So, snow, science, and slumber. The less somnambulistic will have realised that in the very best traditions of Sesame Street this column is brought to you by the letter “S”. There are another two I’d like to mention before I sign off for the half-term: students and staff. This has been a half term in which we have seen challenges. All have been met with enthusiasm by our young people. From the trials of what I think were the only “real” mock exams to be taken in the entire world to learning with masks on all the time, I have been impressed with the way that our students have met everything thrown at them with customary BSP good humour. To staff a massive thank you for all you have done to keep lessons on track, spirits high, paths clear, administration smooth and learning exciting.

So, my final S of the half term is simply success. We have much to celebrate. Pupils are to be congratulated on the work that they have completed. They can reflect on all the things that they now know that previously they did not and all that they can do that previously they could not. Schools are simple places to understand when success surrounds.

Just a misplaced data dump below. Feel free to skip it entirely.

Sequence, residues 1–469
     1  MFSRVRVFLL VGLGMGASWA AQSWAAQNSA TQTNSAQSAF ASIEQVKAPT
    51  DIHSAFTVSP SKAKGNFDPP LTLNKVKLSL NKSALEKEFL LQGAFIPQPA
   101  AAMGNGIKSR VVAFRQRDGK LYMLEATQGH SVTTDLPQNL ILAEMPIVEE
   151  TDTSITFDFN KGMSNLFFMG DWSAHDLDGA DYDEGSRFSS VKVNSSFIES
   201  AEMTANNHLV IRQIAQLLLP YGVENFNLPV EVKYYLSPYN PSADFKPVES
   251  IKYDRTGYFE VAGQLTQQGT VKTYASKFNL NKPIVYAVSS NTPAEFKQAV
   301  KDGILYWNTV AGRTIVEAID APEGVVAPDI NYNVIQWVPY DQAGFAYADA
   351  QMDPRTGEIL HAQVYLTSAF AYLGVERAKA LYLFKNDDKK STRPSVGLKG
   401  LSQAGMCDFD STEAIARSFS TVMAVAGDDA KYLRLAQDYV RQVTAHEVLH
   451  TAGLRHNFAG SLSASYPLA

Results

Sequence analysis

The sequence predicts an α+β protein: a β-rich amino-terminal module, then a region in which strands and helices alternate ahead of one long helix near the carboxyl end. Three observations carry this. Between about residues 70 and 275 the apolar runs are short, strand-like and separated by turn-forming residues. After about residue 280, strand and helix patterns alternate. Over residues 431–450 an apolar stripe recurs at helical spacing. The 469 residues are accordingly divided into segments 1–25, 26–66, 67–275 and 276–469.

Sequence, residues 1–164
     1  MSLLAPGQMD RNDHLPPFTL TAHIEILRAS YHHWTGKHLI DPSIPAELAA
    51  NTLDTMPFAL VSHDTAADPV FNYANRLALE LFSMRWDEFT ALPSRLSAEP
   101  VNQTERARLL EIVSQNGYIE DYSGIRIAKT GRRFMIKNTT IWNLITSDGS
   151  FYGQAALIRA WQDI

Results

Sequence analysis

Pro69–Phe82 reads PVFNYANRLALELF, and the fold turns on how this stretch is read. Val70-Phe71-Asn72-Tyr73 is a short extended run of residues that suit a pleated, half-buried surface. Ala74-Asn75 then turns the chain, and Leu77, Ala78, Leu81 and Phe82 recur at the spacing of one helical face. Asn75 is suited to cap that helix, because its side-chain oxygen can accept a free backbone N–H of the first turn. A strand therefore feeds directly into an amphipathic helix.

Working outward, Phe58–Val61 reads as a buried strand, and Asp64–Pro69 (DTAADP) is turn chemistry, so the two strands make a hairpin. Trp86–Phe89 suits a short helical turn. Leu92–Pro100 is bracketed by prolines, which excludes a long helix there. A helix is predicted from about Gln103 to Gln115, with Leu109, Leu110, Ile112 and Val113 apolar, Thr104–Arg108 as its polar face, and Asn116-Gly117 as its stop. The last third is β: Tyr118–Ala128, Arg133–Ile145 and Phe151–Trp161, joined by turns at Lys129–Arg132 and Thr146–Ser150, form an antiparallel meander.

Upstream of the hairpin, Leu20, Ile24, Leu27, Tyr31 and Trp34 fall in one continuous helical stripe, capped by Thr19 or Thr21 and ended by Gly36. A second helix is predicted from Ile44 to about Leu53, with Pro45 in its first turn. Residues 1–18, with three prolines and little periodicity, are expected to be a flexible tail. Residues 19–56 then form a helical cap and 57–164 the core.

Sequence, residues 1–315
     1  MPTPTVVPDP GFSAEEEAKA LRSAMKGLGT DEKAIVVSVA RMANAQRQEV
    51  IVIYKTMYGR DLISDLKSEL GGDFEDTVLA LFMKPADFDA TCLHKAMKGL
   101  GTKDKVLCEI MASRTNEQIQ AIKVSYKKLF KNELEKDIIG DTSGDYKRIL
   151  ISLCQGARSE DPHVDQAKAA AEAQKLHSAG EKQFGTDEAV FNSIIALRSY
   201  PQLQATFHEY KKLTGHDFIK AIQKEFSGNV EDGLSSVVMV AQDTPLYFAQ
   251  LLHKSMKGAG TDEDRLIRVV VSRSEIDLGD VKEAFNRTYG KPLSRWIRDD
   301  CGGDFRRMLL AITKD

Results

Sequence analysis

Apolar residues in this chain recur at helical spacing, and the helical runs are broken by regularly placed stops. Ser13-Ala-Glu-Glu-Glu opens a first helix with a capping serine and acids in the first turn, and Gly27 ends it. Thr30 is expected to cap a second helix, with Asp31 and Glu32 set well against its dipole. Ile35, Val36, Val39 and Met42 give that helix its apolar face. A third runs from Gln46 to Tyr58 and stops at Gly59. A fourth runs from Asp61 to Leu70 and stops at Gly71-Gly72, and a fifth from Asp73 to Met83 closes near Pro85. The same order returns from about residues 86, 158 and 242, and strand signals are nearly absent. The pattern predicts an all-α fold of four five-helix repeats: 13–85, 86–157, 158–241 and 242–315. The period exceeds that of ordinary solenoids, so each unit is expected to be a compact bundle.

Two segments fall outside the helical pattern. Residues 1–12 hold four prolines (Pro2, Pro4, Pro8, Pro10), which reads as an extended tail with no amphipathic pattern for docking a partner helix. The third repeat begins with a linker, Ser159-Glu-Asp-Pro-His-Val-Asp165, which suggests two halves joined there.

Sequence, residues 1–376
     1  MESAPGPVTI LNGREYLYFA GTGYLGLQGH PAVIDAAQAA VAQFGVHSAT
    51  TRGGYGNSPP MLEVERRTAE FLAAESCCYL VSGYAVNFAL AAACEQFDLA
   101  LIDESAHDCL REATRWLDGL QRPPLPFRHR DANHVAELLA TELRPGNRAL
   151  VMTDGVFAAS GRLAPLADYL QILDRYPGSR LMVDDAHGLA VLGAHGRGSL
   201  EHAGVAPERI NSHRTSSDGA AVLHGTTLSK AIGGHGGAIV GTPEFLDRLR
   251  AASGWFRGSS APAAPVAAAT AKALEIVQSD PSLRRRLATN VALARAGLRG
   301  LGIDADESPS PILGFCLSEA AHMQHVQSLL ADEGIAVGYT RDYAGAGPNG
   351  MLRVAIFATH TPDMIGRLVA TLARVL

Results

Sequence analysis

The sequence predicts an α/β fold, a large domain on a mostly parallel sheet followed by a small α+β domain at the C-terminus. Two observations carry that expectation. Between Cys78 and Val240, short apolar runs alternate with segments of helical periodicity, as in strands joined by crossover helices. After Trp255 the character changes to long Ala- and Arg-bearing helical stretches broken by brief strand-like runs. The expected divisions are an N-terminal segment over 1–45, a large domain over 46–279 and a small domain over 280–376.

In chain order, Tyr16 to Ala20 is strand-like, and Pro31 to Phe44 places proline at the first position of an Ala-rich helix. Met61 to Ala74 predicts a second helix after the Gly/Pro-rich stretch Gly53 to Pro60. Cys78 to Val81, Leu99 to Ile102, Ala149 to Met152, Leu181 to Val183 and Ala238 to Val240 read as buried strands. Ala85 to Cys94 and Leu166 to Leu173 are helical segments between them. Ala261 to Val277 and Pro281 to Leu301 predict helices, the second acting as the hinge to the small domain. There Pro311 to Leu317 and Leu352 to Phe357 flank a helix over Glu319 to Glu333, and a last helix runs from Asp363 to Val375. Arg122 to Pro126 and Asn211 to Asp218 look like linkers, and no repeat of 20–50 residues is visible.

See you next half-term. Stay safe.

Nicholas Hammond



“Time is a sort of river of passing events…”

“Time is a sort of river of passing events, and strong is its current; no sooner is a thing brought to sight than it is swept by and another takes its place, and this too will be swept away.”

Marcus Aurelius

It is perhaps inevitable that the longer you spend by the banks of the Seine the more it influences how you view the school year. Just as the school year follows a rhythm and flow so too does the river. In summer, the pace is languid, and the banks are covered by willows trailing their branches in the water. In winter it is faster flowing, it is a more turbulent picture with skeletal trees framing the view.